OBSERVA ANNEX 2: OBSERVATION SHEET Date ________ Time ______ Place __________ Class Observation No. ______ Teacher _________________________ Number of students ________ Male___________ Female _________ Activity _________________________________________________

OBSERVATIONS

ANNEX 3: INTERVIEW * Objetivo: Saber acerca de las percepciones de los estudiantes con relacin a las actividades de lectura en voz alta de cuentos que se realizaron a lo largo del semestre e identificar los componentes del modelo narrativo que son mencionados como necesarios para narrar una historia. Students name: ______________________________ Date: ____________

1. Qu opinin tiene de las actividades de lectura en voz alta que se realizaron en clase? 2. Cmo se sinti durante este tipo de actividades? 3. En qu manera relaciona el uso de estas actividades (lectura en voz alta) con respecto a su aprendizaje del ingls? 4. En qu habilidades o reas del Ingls cree que mejor? 5. Qu aspectos debe tener una historia para que sea fcil de entender o para poderla narrar? * The interview was of a semi-structured type; therefore, these questions only constituted the general guidelines for the interviewer. This format was not submitted to the interviewee.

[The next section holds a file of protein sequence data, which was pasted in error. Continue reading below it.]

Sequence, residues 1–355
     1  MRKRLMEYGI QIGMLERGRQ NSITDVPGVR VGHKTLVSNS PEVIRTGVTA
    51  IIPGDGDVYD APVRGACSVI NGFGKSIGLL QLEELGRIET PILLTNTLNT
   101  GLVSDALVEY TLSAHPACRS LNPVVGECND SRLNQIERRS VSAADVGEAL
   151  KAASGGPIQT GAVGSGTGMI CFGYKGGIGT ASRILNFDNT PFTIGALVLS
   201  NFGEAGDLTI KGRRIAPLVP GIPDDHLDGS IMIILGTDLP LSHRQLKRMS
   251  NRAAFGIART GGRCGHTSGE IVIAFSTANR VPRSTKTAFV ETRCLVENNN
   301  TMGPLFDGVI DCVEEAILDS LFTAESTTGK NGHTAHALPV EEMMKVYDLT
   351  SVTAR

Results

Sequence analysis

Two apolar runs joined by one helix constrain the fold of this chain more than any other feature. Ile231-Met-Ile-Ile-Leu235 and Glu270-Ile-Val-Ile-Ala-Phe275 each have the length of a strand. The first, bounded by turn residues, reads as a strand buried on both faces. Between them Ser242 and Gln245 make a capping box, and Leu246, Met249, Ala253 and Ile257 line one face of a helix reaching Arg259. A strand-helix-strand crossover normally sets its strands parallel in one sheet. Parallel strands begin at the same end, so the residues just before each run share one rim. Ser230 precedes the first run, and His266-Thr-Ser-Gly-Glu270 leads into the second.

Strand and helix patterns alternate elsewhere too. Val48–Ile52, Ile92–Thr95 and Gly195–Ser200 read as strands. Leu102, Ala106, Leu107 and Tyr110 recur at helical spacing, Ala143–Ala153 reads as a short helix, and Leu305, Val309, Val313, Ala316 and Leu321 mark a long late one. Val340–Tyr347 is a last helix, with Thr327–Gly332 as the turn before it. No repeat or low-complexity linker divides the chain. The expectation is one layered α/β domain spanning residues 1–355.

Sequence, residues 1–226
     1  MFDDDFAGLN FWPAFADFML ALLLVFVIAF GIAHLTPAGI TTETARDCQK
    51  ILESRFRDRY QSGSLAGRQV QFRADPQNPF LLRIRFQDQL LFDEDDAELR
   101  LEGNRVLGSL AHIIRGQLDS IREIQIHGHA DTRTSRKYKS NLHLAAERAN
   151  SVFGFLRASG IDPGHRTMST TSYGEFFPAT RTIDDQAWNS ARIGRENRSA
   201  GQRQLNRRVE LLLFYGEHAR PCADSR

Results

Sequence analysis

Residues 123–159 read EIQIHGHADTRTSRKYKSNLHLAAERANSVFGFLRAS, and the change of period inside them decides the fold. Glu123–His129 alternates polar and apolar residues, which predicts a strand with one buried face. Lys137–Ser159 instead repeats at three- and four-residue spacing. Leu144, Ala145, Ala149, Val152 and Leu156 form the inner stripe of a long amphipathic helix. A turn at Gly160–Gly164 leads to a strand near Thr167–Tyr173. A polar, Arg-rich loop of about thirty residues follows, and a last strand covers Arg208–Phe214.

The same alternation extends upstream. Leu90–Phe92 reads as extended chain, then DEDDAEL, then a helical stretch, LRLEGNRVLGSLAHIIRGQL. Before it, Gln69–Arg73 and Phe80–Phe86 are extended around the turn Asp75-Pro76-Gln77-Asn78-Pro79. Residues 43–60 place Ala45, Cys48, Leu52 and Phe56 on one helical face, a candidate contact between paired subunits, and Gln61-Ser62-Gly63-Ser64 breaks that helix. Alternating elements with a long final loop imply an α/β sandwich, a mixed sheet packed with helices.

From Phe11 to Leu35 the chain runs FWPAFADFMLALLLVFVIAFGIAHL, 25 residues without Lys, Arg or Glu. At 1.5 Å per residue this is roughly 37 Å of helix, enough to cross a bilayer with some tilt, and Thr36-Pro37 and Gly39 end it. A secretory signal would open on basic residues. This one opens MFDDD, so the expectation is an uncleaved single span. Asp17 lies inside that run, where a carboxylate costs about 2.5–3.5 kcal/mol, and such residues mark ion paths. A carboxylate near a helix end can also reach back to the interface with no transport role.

This article was received on April 6th, 2004 and accepted on August 23rd, 2004.

97

PROFILE

Reading Aloud Activities as a Way to Determine Students Narrative Template